This fall, school yourself by brushing up on AIDS 101 with a stack of new texts.

The AIDS Crisis Is Ridiculous and Other Writings, 1986–2003
By Gregg Bordowitz
(The MIT Press)
$35, 285 pages

The artist and old-school activist unearths two decades of his essays exploring life as an HIVer—from his youthful AIDS fears to an individual’s role in the worldwide pandemic.

Melancholia and Moralism: Essays on AIDS and Queer Politics
By Douglas Crimp
(The MIT Press)
$11.95, 320 pages

Now in paperback, Crimp’s essays pulse with radical politics. The HIVer warns that ’80s AIDS losses and waning activism have caused many gay men to align with an antigay moral majority.

HIV and Me: Firsthand Information for Coping With HIV and AIDS
By Timothy Critzer
(Firsthand Books)
$16.95, 224 pages

This handbook—which considers everything from family disclosure to holistic therapy—will hold your hand toward self-acceptance and offers financial, health and social pointers, too.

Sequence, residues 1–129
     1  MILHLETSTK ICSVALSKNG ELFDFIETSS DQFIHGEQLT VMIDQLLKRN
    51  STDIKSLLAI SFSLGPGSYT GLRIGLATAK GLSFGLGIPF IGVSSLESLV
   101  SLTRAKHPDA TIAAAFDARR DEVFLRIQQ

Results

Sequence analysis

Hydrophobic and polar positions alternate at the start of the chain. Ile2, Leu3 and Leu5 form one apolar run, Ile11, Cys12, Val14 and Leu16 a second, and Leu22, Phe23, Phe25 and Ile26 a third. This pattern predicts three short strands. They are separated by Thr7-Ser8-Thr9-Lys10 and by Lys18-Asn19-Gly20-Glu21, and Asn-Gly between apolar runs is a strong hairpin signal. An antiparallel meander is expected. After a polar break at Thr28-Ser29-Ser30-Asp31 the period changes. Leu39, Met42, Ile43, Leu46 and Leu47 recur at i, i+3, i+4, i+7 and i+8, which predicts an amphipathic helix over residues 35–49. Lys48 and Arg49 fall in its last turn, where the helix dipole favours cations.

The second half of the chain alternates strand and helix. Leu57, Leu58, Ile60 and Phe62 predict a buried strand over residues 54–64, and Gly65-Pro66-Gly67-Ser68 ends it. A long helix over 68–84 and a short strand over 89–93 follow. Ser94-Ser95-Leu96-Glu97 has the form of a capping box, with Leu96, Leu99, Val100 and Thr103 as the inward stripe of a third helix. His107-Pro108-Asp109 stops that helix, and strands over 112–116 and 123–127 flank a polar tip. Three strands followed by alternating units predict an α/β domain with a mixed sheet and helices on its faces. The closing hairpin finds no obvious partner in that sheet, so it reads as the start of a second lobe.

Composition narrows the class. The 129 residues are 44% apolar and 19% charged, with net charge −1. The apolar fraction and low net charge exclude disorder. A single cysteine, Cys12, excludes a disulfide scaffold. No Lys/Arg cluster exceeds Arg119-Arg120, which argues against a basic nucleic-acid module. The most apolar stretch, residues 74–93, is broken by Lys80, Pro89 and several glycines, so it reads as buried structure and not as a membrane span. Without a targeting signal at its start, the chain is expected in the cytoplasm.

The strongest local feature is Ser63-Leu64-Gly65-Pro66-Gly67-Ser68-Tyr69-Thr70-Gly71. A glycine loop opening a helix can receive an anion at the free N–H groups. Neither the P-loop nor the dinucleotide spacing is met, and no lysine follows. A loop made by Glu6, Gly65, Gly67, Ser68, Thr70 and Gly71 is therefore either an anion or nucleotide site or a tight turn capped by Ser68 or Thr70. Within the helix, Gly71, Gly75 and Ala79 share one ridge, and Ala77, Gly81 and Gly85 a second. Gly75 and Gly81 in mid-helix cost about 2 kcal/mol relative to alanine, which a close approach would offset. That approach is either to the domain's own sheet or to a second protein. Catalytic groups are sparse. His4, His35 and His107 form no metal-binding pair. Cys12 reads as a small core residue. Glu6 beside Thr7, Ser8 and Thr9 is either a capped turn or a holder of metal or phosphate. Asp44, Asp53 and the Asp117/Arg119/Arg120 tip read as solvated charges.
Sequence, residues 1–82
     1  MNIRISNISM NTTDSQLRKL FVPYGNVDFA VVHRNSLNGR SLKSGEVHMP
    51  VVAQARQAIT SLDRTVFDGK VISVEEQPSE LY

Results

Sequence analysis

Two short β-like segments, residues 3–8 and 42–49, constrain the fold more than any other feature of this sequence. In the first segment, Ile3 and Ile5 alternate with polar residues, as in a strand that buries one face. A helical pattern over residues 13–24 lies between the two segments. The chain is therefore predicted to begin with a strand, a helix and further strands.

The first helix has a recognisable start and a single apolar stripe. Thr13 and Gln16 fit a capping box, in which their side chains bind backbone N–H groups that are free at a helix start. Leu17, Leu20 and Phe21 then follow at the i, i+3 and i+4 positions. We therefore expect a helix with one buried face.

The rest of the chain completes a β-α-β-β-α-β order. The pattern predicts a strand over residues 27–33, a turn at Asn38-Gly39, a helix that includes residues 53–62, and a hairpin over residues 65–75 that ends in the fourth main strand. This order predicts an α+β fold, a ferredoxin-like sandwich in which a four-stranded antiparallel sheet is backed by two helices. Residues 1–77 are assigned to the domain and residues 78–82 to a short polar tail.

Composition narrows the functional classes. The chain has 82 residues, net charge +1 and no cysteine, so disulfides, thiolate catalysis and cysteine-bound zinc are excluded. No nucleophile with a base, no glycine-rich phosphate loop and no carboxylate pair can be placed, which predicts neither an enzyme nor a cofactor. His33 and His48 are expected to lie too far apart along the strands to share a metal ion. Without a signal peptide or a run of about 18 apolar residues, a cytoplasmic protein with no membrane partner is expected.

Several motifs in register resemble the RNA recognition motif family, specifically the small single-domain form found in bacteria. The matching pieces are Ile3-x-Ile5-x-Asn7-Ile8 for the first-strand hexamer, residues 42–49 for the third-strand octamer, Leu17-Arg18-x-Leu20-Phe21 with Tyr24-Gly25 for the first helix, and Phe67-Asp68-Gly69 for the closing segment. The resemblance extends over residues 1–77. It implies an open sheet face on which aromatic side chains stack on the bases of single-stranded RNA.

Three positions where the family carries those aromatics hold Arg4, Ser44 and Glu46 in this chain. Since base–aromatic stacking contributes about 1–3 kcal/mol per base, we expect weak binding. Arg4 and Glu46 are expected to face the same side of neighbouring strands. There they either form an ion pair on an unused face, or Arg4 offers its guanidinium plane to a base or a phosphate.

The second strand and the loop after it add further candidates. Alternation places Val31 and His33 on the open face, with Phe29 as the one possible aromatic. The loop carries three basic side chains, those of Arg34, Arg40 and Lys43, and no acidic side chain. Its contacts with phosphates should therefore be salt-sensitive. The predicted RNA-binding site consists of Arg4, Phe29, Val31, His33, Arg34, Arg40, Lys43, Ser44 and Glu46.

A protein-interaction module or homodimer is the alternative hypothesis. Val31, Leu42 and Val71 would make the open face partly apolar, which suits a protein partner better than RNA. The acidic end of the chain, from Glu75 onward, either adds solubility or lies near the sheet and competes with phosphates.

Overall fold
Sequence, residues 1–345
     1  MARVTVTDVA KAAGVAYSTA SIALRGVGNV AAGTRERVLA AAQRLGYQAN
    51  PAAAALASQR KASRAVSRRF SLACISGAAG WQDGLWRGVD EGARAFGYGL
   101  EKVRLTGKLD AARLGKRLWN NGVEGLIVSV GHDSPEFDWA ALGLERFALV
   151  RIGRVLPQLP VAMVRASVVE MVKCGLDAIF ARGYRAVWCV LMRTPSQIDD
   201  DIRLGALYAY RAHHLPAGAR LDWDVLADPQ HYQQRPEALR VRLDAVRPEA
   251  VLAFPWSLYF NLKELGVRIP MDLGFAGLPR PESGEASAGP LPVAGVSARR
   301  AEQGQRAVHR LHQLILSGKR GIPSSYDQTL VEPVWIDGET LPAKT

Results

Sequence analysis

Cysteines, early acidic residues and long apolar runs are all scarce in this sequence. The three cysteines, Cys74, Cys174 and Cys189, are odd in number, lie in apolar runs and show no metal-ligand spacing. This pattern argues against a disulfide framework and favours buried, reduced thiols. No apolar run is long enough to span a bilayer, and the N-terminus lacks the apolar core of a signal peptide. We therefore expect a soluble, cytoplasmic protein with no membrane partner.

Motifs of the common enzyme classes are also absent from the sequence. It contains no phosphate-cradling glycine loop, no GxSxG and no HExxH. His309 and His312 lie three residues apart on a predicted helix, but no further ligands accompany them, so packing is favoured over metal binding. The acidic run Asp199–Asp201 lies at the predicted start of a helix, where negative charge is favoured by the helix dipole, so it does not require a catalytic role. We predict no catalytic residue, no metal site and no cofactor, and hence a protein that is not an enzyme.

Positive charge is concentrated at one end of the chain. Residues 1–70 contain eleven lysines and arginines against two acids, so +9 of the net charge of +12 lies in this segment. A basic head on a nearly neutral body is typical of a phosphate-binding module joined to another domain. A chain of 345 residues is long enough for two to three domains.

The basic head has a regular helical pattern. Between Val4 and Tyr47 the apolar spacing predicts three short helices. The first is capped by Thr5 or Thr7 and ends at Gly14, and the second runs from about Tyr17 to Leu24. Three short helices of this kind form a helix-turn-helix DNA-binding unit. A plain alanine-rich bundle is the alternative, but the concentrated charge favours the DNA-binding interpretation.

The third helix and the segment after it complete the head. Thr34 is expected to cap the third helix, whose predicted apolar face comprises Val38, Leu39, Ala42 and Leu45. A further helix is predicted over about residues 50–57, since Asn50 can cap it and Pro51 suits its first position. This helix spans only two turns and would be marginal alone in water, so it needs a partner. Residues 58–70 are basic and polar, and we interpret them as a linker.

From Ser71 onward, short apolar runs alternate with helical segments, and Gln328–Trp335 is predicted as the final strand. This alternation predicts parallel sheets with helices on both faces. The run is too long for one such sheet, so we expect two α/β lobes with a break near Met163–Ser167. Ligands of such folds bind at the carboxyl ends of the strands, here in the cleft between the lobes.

The Secret Epidemic: The Story of AIDS and Black America
By Jacob Levenson
(Pantheon Books)
$25, 320 pages

Levenson dives into the racial chasm by asking black Americans affected by HIV to speak out—including anecdotes spanning San Francisco to the South Bronx, rape victims to drug users.

Breaking the Conspiracy of Silence: Christian Churches and the Global AIDS Crisis
By Donald E. Messer
(Augsburg Fortress Publishers)
$15, 192 pages

United Methodist theologian Donald Messer preaches to Christians on how to stop AIDS, advocating for both condoms and compassion.